When the Pain, Torment of Cyberbullying Lingers Years Later

Victims of online harassment share their stories and words of encouragement.

ByRYAN SMITH, ASHLEY LOUSZKO, JOHN KAPETANEAS and LAUREN EFFRON
March 24, 2015, 12:34 PM

— -- In the age of the Internet, bullies can do more damage faster than ever before, and as more cyberbullying victims share their stories of harassment, there is one woman who considers herself an advocate for the cause: Monica Lewinsky.

Lewinsky’s infamous affair 17 years ago with former president Bill Clinton not only played out in the media, it was one of the first scandals to play out online. Now, Lewinsky is determined not to tiptoe around her past.

“I was patient zero of losing a personal reputation on a global scale almost instantaneously,” Lewinsky, 41, said in a TED Talk speech last week.

In the past year, Lewinsky has joined a star-studded list of celebrities championing change to end public online shaming, from singer Demi Lovato to the Jenner sisters, who are the faces of the “Delete Digital Drama” campaign. The issue of cyberbullying even came up on Monday night’s episode of ABC’s “Dancing With the Stars,” when Orlando model Charlotte McKinney shared a few of the nasty tweets she has received while being on the show.

Ally Del Monte, 16, says she has been a victim of cyberbullying for years, and the ridicule started on the playground when she was 8.

“I was really overweight,” she said. “My friends thought it was funny and would exclude me from the playground. They would make fun of me.”

But as she got older, Ally said, the bullying quickly moved online.

“I would get messages every week that no one cares about me, that I’m not worth anything,” she said. “One night was really bad. I had 172 messages on there telling me to kill myself. … And I said ‘OK.’ I tried to take a bunch of pills that night and I almost died because of it.”

Her mother, Wendy, decided the only solution was to separate Ally physically from her tormentors, so she pulled Ally out of school and now home-schools her.

“Bullying is so bad and the school cannot keep up with it,” Wendy said.

But Ally said the cyberbullying problem still continues, even in the safety of her own home.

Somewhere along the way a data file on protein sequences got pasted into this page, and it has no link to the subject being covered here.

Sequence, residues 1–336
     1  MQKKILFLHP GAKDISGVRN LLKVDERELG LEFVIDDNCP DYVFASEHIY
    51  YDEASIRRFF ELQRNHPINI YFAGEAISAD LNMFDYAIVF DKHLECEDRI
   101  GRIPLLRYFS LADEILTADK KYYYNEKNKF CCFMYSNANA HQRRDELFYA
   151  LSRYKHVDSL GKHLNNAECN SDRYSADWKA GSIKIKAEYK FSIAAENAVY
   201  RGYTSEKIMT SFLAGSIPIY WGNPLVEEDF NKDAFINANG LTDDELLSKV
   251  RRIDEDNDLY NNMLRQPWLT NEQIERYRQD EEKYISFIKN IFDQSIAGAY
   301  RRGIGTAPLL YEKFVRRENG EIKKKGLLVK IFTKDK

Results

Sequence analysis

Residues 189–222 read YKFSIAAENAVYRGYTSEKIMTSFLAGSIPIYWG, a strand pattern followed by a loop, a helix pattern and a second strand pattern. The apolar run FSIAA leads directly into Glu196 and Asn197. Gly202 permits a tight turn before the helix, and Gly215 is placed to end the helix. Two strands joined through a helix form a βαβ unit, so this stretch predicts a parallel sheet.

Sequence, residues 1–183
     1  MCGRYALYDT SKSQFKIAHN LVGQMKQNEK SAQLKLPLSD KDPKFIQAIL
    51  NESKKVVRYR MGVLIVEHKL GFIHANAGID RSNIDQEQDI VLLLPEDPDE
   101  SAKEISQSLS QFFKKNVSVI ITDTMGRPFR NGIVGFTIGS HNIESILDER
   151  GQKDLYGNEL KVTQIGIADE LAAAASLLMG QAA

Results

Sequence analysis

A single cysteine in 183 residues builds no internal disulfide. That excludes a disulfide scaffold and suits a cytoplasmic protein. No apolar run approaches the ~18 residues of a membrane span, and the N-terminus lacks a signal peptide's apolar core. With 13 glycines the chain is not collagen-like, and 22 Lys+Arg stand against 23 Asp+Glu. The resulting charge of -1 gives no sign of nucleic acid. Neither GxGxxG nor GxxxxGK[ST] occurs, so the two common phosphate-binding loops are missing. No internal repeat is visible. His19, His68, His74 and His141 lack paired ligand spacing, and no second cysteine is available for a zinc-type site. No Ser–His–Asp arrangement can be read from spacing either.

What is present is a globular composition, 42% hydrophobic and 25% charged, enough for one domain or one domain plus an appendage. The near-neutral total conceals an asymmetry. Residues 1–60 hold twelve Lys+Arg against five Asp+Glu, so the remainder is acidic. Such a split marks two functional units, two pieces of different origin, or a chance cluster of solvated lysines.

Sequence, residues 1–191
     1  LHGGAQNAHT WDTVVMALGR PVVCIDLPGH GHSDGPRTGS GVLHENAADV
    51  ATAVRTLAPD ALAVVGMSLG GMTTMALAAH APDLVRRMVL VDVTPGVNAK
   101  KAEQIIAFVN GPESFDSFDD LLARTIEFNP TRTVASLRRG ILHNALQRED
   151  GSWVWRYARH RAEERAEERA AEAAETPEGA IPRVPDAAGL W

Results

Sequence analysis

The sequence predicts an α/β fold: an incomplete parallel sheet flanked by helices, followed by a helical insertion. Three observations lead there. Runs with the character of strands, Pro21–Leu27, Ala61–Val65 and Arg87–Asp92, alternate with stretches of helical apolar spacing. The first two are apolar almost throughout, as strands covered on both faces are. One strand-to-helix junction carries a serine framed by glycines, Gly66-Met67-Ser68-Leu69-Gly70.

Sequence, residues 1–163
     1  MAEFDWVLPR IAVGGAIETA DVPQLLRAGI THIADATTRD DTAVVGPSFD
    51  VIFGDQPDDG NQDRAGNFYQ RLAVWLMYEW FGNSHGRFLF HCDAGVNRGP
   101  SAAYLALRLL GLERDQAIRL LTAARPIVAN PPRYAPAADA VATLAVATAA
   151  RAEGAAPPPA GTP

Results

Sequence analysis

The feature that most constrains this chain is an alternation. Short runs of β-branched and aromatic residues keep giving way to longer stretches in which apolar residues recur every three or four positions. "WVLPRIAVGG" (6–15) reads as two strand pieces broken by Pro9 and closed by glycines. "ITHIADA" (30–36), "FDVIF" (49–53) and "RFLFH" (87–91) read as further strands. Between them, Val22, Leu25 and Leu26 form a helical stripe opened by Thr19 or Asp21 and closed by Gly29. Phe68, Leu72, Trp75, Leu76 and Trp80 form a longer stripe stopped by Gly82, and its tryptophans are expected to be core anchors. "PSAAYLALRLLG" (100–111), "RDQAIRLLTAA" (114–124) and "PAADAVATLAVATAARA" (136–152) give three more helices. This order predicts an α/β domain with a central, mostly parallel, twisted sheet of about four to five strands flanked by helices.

“I still get messages on Instagram, Twitter, Facebook,” she said. “I learned how to mentally prepare myself for those kinds of things. I have to be able to take some of that criticism. There are nasty people out there. Don’t encourage them.”

It’s a problem so many kids face. Nearly half of U.S. teens say they have been victims of cyberbullying, according to the National Crime Prevention Council.

“It’s very public, it’s very humiliating and it’s 24/7,” New York-based psychotherapist Robi Ludwig said. “It’s not like you can go home, close the door and pretend it’s not happening because it follows these kids everywhere and that’s what makes it so damaging so for a young kid that can’t really see that difficult times will pass.”

Kelsey Kangos knows this all too well herself. Now 26, she said she was living Ally’s story when she was in the seventh-grade.

“This was the time of AOL Instant Messenger, in like 1999, 2000,” Kelsey said. “They would make these anonymous screen names … the second I blocked one, another one would pop up and it was sort of this constant bombardment. There was no way to know who it was.”

Kelsey said it wasn’t just on Instant Messenger. Her tormentors created a website about her.

“It had my picture, my school picture of the yearbook, kind of copied on top of a gorilla body,” she said. “They would fake journal entries that I had written, so like, ‘Oh, today I thought about shaving my arms’ or ‘Today I thought about how many bananas I could eat at one time,’ or ‘Today I thought about bringing a gun to school, because nobody likes me.’”

She said she brought the website to her mom and after her stepfather found out about it, she said, he took action.

“He was like, ‘Who do you think is behind this?’ He made that number of copies and drove to each of the parents’ houses,” Kelsey said.

And even though she says the site was taken down, things became worse.

“It actually didn’t stop until I left that school, until I graduated eighth-grade,” she said. “Once high school started, it was like a totally different scenario. It just like stopped all together.”

Thirty-four states have laws that specifically target cyberbullying.

In the meantime, Kelsey has some advice for Ally:

“There is so much ahead of you that at 15 your social life is everything and I get that,” she said. “So while it feels like this is it, this is my whole life, it’s not. Oh, my gosh, it’s not. You have your whole life ahead of you.”

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